The Beyoncé lip-sync debate is in some ways a clash of cultures. On one side is a political world in which authenticity is seen as important; on the other is show business.
Is it possible that Beyoncé sang "The Star-Spangled Banner" live at President Obama’s inauguration, after all? Or that she sang some of it live and let a prerecorded tape carry the rest?
This comes up because the Marine Band has backed off a statement that the ex-Destiny’s Child singer lip-synced the song all the way through. Right now the situation seems to be this: The sound of the Marine Band under the national anthem was a prerecorded track. Musicians did not have enough time to practice with Beyoncé before the inauguration to do otherwise.
But the Marine Band has no idea what Beyoncé herself did.
“Regarding Ms. Knowles-Carter’s vocal performance, no one in the Marine Band is in a position to assess whether it was live or pre-recorded,” said a statement from Marine Corps spokesman Capt. Gregory Wolf.
Read carefully, this does not say she didn’t lip-sync, of course. So previous reports that she did just that may be right. It simply unconfirms something that the journalists and the Twitterverse at large had been treating as established fact. Beyoncé herself has yet to weigh in on the matter.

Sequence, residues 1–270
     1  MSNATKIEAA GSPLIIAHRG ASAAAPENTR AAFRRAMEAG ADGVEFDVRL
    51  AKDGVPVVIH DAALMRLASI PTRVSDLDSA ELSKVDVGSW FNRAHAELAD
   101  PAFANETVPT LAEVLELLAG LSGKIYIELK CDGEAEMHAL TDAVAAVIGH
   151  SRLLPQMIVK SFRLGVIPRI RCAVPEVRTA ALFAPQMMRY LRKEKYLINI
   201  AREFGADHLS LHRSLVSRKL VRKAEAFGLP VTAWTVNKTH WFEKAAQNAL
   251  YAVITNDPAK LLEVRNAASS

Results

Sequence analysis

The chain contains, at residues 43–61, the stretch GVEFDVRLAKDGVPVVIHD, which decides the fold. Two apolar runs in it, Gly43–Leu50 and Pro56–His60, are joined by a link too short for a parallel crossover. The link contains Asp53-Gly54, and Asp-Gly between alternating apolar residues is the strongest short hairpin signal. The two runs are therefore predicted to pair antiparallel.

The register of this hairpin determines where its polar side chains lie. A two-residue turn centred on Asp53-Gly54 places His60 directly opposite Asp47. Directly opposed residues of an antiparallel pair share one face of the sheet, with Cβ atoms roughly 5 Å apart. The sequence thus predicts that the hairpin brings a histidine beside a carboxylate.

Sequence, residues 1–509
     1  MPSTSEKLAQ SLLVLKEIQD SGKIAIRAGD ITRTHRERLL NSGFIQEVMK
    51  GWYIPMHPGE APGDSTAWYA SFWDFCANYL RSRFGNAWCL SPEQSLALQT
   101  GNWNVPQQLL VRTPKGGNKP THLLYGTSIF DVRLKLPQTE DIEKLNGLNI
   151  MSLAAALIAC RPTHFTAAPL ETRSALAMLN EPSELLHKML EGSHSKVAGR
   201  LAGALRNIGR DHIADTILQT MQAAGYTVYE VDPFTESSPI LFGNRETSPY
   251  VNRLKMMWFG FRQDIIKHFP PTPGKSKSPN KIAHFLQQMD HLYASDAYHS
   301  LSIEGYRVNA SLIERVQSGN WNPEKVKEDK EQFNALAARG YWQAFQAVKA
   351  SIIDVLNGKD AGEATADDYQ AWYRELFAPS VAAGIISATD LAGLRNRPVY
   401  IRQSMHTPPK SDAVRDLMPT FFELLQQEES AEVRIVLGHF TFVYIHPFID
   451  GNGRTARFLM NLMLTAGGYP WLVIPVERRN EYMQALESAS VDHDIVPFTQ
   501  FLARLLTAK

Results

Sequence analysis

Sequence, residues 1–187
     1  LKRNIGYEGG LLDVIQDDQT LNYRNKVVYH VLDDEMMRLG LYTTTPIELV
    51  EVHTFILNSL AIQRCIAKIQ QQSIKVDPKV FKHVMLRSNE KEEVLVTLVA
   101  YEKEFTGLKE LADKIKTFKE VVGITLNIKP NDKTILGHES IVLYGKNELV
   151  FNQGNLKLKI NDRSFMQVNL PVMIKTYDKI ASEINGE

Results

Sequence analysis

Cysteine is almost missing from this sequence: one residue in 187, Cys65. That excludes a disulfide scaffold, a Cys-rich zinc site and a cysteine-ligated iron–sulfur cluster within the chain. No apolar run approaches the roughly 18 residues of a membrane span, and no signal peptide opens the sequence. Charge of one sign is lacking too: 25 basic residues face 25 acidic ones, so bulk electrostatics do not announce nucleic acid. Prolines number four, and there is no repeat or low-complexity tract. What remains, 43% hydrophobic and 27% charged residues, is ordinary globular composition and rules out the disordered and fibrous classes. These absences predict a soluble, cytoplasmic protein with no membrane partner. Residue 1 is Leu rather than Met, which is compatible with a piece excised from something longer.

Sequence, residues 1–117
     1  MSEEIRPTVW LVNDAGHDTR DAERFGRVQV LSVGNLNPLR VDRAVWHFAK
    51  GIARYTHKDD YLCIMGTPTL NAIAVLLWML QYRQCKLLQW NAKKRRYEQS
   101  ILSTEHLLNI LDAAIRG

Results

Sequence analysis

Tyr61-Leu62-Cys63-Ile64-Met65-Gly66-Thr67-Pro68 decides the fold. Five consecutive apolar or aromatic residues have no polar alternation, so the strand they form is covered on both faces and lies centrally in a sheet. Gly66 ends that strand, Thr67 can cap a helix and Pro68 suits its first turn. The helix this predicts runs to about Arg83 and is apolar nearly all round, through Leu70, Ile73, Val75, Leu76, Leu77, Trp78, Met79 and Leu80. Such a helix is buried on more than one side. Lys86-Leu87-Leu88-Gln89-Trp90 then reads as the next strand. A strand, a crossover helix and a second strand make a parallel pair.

Still, the debate rages on whether it matters if she did mouth “O say can you see” instead of sing it. In some ways, it’s a clash of cultures. On one side is a political world in which authenticity is seen as important and the inauguration is a ritual as important as any America has, while on the other is show business, where surface is everything and singers routinely auto-tune and/or lip-sync their performances.
Music legend Aretha Franklin expressed both sides of this equation Wednesday, saying she “laughed” when she heard about the controversy. She sang live at the 2009 Obama inaugural, despite the cold. “I wanted to give people the real thing,” she told ABC News.
Still, as a professional she can understand why Beyoncé lip-synced. If that’s what she did.
“The weather down there was about 46 or 44 degrees, and for most singers that is just not good singing weather,” Ms. Franklin told ABC.